Adult: Usual initial doses: 3-5 mg/kg daily beginning at the time of transplantation. Usually given as a single dose on the day of transplantation, may be given 1-3 days before transplantation in some cases. May reduce dose to maintenance levels at 1-3 mg/kg daily. May convert to use of oral tablets subsequently at the same dose level. Treatment discontinuation may be needed in cases of severe haematologic or other toxicity.

Renal impairment: Dose adjustments may be needed.
Hepatic impairment: Dose adjustments may be needed.

Reconstitution
10 ml of sterile water for Inj to be added to the vial containing 100 mg of the drug, giving a resultant concentration of 10 mg/ml. This may be given by slow IV inj or further diluted in saline or dextrose to be used as IV infusion usually over 30-60 minutes. Infusion periods of 5 minutes to 8 hours have been used.

Food(before/after)

May be taken with or without food. (Preferably taken w/ or after meals to reduce GI discomfort.)

List of Contraindications

Azathioprine and Pregnancy

Contraindicated in pregnancy.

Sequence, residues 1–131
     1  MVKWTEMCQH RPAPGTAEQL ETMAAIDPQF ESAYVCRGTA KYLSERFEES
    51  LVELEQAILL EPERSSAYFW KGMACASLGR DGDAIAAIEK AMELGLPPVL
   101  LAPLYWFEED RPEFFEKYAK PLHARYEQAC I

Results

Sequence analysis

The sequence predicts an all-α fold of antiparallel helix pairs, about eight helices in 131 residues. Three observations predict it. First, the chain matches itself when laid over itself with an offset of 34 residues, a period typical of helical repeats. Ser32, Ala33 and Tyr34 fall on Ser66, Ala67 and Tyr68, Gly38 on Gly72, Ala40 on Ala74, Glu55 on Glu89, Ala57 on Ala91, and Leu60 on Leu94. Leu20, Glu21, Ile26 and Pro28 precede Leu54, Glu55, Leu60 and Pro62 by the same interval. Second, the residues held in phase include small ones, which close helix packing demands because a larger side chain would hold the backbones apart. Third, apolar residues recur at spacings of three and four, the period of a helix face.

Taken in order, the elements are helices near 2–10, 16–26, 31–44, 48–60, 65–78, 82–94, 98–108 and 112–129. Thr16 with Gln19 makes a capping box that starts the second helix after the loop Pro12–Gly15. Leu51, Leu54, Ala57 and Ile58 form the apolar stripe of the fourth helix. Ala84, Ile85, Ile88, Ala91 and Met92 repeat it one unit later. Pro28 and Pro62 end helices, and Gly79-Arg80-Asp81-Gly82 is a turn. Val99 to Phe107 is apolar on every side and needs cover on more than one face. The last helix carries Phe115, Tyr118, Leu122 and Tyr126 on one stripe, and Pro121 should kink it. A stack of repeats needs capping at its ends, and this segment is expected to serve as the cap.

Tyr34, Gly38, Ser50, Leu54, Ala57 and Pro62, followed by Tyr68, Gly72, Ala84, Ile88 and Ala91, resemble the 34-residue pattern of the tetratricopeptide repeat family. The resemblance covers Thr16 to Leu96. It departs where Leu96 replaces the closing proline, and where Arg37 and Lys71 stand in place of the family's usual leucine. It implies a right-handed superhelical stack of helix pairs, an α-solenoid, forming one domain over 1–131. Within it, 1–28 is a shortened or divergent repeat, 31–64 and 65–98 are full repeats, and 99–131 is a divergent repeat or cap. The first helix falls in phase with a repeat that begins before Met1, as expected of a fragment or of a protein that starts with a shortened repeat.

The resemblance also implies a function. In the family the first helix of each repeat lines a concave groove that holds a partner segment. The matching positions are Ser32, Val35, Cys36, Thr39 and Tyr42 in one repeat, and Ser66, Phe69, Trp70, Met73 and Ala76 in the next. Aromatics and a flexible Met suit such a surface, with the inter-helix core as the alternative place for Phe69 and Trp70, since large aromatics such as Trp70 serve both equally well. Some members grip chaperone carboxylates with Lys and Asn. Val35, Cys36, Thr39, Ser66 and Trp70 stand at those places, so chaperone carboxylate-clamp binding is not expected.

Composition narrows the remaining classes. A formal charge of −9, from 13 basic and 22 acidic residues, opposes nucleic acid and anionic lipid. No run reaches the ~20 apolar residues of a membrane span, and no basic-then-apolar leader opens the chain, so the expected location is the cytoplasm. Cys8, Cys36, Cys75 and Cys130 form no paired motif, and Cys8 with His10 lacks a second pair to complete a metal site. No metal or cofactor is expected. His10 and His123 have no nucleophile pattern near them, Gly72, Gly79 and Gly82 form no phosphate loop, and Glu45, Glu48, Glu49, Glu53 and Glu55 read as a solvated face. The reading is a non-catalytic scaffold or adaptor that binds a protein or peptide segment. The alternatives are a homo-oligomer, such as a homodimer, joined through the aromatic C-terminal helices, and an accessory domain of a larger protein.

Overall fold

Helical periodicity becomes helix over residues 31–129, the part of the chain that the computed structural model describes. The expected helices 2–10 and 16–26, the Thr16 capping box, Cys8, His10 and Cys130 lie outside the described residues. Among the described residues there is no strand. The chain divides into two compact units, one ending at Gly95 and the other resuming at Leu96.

Category D: There is positive evidence of human foetal risk, but the benefits from use in pregnant women may be acceptable despite the risk (e.g., if the drug is needed in a life-threatening situation or for a serious disease for which safer drugs cannot be used or are ineffective).

Azathioprine and Lactation

Contraindicated in lactation

Azathioprine and Children

Safety and efficacy of Azathioprine in pediatric patients have not been established.

Azathioprine and Geriatic

Information Not Available

Azathioprine and Other Contraindications

Hypersensitivity; previous treatment with alkylating agents; pregnancy, lactation.

Storage

Intravenous
Powder for inj: Store intact vials between 15-25°C. Protect from light.

Reconstituted solution:Stable for up to 2 weeks at room temperature or up to 4 days refrigerated, however, manufacturer recommends use within 24 hours of reconstitution.

Oral
Store between 15-25°C.

Lab interference

Intravenous
Powder for inj: Store intact vials between 15-25°C. Protect from light.

Reconstituted solution:Stable for up to 2 weeks at room temperature or up to 4 days refrigerated, however, manufacturer recommends use within 24 hours of reconstitution.

Oral
Store between 15-25°C.